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Microsoft Internet Explorer does not adequately validate source of dialog frame

Vulnerability Note VU#728563

Original Release Date: 2003-04-25 | Last Revised: 2007-06-05


Microsoft Internet Explorer (IE) allows script from a dialog frame in one domain to execute in a different domain, including the Local Machine Zone. The script could read certain local files and data (i.e. cookies) from other web sites. In the presence of other vulnerabilities (VU#626395, VU#25249), the script could execute arbitrary commands.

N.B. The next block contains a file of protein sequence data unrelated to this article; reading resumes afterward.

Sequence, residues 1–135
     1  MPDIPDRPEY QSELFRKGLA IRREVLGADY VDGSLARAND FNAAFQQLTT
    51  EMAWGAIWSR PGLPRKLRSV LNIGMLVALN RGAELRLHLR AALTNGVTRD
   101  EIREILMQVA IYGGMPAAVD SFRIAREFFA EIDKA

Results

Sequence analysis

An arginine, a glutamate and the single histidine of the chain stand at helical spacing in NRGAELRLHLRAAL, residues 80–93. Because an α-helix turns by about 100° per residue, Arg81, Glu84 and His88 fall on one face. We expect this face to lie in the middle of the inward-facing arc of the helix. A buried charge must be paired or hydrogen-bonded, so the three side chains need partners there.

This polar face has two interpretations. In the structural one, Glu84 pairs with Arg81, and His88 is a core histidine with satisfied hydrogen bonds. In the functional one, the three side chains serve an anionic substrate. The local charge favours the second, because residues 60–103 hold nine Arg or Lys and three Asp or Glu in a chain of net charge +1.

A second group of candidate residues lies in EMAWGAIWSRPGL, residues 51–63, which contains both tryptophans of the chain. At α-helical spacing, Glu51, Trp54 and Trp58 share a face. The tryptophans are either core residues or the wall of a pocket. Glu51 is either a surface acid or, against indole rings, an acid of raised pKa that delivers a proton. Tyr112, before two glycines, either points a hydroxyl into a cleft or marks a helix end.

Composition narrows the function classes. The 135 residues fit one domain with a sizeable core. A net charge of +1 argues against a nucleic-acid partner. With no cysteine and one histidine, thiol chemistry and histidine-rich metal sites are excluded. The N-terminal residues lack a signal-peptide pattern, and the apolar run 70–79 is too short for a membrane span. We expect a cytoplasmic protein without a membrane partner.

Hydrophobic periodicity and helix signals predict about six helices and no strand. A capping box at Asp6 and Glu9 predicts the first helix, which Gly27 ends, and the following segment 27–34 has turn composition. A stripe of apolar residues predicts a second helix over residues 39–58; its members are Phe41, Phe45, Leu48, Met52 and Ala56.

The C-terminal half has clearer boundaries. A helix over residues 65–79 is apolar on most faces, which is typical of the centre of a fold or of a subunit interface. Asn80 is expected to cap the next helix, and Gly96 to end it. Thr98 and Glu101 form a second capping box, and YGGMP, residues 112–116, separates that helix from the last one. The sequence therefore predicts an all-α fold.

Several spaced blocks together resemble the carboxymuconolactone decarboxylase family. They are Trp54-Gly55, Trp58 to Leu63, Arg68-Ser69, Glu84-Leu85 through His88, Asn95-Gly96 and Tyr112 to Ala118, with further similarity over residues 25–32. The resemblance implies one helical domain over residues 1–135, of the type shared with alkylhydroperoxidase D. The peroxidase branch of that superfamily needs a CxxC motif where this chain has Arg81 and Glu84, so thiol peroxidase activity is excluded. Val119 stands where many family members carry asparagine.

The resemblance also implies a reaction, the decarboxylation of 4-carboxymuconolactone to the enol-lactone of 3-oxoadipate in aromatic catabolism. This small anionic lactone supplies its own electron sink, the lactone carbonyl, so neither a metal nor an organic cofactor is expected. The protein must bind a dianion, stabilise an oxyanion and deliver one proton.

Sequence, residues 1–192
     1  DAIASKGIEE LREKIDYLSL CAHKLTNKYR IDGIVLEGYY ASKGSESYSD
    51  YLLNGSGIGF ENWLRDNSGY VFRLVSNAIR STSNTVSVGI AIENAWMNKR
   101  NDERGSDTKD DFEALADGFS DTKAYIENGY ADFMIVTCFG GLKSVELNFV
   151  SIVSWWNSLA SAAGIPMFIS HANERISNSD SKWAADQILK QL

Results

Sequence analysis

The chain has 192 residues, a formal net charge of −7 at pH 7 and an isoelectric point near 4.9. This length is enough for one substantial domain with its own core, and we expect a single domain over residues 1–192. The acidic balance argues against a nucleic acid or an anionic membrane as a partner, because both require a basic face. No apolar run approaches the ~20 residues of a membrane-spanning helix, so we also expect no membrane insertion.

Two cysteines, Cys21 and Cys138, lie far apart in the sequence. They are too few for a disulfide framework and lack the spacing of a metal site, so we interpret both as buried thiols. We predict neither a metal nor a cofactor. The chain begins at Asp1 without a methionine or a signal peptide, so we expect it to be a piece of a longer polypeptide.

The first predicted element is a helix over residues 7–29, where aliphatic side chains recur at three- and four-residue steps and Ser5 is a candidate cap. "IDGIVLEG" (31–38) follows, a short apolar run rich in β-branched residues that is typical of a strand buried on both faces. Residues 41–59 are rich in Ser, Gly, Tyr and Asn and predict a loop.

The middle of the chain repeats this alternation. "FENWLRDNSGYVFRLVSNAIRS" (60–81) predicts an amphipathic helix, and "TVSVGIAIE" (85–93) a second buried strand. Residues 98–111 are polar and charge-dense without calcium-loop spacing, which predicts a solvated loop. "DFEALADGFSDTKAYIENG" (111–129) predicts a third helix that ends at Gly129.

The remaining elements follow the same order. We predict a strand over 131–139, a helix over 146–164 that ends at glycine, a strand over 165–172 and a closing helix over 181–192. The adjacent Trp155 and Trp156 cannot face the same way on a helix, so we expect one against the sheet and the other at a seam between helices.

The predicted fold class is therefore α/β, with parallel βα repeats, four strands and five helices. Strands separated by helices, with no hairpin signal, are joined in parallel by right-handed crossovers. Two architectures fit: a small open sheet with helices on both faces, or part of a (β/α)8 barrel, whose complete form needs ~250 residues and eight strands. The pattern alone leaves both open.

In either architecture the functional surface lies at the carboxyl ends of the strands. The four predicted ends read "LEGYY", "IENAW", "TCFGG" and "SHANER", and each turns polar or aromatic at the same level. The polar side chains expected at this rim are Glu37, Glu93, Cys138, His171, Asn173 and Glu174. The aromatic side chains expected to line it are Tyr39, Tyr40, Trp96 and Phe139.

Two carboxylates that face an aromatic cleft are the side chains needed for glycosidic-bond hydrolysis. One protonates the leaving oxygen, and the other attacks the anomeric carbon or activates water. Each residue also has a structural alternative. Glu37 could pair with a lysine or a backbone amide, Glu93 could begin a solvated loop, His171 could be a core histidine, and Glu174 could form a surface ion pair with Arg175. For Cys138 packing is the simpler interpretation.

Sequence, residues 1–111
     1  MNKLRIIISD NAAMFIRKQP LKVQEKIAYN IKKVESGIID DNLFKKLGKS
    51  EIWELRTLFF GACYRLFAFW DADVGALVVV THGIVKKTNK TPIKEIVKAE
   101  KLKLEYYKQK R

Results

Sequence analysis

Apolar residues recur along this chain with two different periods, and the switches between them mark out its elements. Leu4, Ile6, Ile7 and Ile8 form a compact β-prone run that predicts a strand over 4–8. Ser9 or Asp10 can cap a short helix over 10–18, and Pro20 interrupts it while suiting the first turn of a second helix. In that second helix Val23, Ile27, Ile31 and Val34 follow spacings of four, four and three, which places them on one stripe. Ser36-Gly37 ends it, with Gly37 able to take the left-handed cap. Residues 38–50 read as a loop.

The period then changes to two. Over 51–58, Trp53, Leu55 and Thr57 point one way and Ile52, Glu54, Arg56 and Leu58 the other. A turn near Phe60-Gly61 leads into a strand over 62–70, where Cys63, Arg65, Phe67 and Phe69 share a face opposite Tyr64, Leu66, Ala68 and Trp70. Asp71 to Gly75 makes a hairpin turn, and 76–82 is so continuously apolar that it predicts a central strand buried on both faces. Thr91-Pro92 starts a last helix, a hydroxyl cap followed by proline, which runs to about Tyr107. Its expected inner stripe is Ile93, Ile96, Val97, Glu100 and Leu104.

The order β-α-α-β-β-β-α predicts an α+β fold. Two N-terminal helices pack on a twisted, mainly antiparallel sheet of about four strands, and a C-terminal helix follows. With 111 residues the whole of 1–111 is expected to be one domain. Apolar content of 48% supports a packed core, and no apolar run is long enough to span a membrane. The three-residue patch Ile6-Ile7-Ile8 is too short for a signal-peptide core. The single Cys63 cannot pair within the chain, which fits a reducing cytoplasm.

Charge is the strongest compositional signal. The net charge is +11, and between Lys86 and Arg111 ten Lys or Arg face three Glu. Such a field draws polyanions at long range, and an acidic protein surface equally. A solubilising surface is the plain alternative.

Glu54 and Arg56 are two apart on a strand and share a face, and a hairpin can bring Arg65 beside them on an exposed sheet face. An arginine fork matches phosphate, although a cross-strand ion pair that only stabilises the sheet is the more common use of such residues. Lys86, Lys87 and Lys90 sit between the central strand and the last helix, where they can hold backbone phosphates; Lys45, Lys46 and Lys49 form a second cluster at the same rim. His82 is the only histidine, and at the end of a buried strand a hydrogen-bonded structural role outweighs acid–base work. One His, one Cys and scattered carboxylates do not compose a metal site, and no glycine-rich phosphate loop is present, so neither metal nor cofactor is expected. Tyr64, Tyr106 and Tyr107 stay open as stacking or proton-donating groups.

Microsoft Internet Explorer provides two methods (showModalDialog and showModelessDialog) that can be used to display dialog box frames. The methods must specify a URI to use as the source of the dialog frame and they may take optional arguments, including script. These arguments can be accessed from the dialog frames using the dialogArguments property. Script passed as an argument to a dialog frame is subject to the security restrictions of the DHTML Object Model: script executing in one frame cannot access data in a frame from a different domain. In addition, script cannot access data using a different protocol. For example, script in a frame on cannot access data in a frame from, and an http:// frame cannot access data using file:// or https://. The dialog methods may specify source URIs in a different domain than the parent frame, however the security restrictions should prevent script in one frame from accessing data in the other.